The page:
Creative Schizophrenia

Traveling with schizophrenia or schizoaffective disorder can make vacations tricky. If your schizoaffective symptoms flare up over the vacation, you can’t help but feel disappointed—and disoriented. You know you can’t take a vacation from yourself (or your disorder). And, even if the vacation goes well, then you might feel depressed when you get home and it’s all over. This is how recent traveling affected my schizoaffective disorder.
Sometimes people don't work because of schizoaffective disorder or schizophrenia. When you consider that we currently live in a political climate in which the government seems determined to slash Social Security and mental healthcare coverage, the challenges of working with a mental illness become even more alarming. I am very privileged in that even though I'm not working because of schizoaffective disorder, my support network allows me to live a normal life.
I have mourned who I was before mental illness. When I was 19 years old and a student at The Rhode Island School of Design (RISD), a psychiatrist delivered my diagnosis of schizophrenia. Four years later, when I was back in my hometown of Chicago and had just started earning my master’s degree, I was re-diagnosed with schizoaffective disorder, bipolar type. Here’s how my life changed when I was diagnosed with schizophrenia, and later schizoaffective disorder and why I mourn who I was before mental illness.
I blame myself for my schizoaffective disorder, in reality, I know my schizoaffective disorder is not my fault. I know blaming myself doesn't make sense—especially since I live to fight mental illness stigma (Schizophrenia, Schizoaffective Disorder, and Self-Stigma). It doesn’t make sense for a lot of other reasons as well. Here’s why my schizoaffective disorder is not my fault--and why I blame myself for it anyway.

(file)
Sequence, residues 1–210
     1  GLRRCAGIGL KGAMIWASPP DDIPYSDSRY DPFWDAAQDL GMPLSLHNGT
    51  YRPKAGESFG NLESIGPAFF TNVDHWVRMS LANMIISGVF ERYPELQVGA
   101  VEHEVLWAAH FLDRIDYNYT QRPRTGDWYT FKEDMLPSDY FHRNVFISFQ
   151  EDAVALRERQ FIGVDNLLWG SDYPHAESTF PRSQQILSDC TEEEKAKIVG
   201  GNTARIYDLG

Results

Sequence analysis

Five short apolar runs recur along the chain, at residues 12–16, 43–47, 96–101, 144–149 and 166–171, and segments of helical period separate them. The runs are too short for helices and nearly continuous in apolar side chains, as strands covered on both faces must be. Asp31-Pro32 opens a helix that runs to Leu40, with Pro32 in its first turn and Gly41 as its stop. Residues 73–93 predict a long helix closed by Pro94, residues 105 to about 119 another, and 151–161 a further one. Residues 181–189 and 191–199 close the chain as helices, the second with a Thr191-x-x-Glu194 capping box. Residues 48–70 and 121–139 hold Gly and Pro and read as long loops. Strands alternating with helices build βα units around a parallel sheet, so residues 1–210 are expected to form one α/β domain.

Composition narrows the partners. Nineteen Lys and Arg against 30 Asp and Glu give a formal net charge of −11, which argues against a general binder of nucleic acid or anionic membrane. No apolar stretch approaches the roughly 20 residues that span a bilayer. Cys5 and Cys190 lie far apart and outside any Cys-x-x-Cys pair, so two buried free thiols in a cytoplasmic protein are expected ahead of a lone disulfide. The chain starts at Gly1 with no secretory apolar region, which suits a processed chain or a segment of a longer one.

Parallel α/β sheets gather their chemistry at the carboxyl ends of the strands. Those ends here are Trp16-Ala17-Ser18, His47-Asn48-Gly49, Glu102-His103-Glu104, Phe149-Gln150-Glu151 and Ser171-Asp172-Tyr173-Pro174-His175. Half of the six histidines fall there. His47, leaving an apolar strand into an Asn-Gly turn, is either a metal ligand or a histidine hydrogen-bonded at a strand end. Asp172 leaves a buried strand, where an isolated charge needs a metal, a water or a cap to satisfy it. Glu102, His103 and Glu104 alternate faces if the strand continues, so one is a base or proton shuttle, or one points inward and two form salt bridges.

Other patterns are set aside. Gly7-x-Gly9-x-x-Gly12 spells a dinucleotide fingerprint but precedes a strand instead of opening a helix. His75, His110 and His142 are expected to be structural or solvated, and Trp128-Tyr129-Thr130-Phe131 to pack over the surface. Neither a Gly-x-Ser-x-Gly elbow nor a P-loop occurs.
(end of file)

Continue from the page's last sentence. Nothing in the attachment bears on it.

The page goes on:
“Adulting” can be hard enough without schizophrenia or schizoaffective disorder. When you have a mental illness, even seemingly simple things like keeping the apartment clean add up to be monumental tasks (Guilt, Shame, and Responsibility in Mental Illness). Here’s how my schizophrenic and schizoaffective symptoms get in the way of adult obligations, even though I keep tackling them head on.
I have schizoaffective disorder, which is a combination of schizophrenia and bipolar disorder. I also have generalized anxiety disorder (anxiety disorders frequently accompany bipolar disorder). On top of that, I have pre-menstrual dysphoric disorder (PMDD) which is like the pre-menstrual syndrome (PMS) many women experience but worse. Much, much worse. It is especially bad when you already have a disorder like schizophrenia or schizoaffective disorder, a cascade of additional mood swings and depression.
Some lean on faith to cope with schizophrenia or schizoaffective disorder. My schizophrenic and schizoaffective symptoms brought me to the emergency room recently and to other places of crisis. The last time this happened, my faith in God helped me get through the tough time (A Conversation with God). But, as I got better, I didn’t have an immediate need for faith and my spirituality fell to the wayside. This time, I’ve decided to stay in the present with my faith as a way to cope with my schizophrenia and schizoaffective symptoms.
I have schizoaffective disorder, which is a combination of schizophrenia and bipolar disorder. I recently completed a partial hospitalization for a schizoaffective disorder program, and taking the train to the hospital every day reminded me so much of the time, nine years ago, when my schizoaffective symptoms got so bad that I was admitted as an inpatient in the psychiatric ward of this same hospital. Here’s what it’s like to experience hospitalization for schizoaffective disorder or any mental illness.
I do miss the voices in my head occasionally. Most people who hear voices in their head would give anything to get rid of this scary and disruptive symptom of schizophrenia and schizoaffective disorder (Auditory Hallucinations: What's It Like Hearing Voices?). I’m one of them. Yet sometimes I wish I could have an episode of hearing those voices in my head. Here’s why.
Help for suicidal thoughts in the hospital is important. In recent weeks, I spiraled into negative thinking patterns that induced suicidal thoughts. Usually, I have a pretty good handle on my schizophrenic or schizoaffective symptoms, but this time I knew I needed professional help. Here’s what I did to get help for suicidal thoughts related to my schizoaffective disorder.